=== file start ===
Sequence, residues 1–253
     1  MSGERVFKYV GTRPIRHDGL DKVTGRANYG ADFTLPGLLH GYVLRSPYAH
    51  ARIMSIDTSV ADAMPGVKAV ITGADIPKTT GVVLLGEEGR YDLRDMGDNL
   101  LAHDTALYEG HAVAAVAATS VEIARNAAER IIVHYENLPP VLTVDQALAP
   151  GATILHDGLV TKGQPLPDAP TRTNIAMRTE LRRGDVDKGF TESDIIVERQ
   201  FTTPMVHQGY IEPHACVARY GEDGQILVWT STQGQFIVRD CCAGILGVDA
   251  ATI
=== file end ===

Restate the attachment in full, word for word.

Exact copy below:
Sequence, residues 1–253
     1  MSGERVFKYV GTRPIRHDGL DKVTGRANYG ADFTLPGLLH GYVLRSPYAH
    51  ARIMSIDTSV ADAMPGVKAV ITGADIPKTT GVVLLGEEGR YDLRDMGDNL
   101  LAHDTALYEG HAVAAVAATS VEIARNAAER IIVHYENLPP VLTVDQALAP
   151  GATILHDGLV TKGQPLPDAP TRTNIAMRTE LRRGDVDKGF TESDIIVERQ
   201  FTTPMVHQGY IEPHACVARY GEDGQILVWT STQGQFIVRD CCAGILGVDA
   251  ATI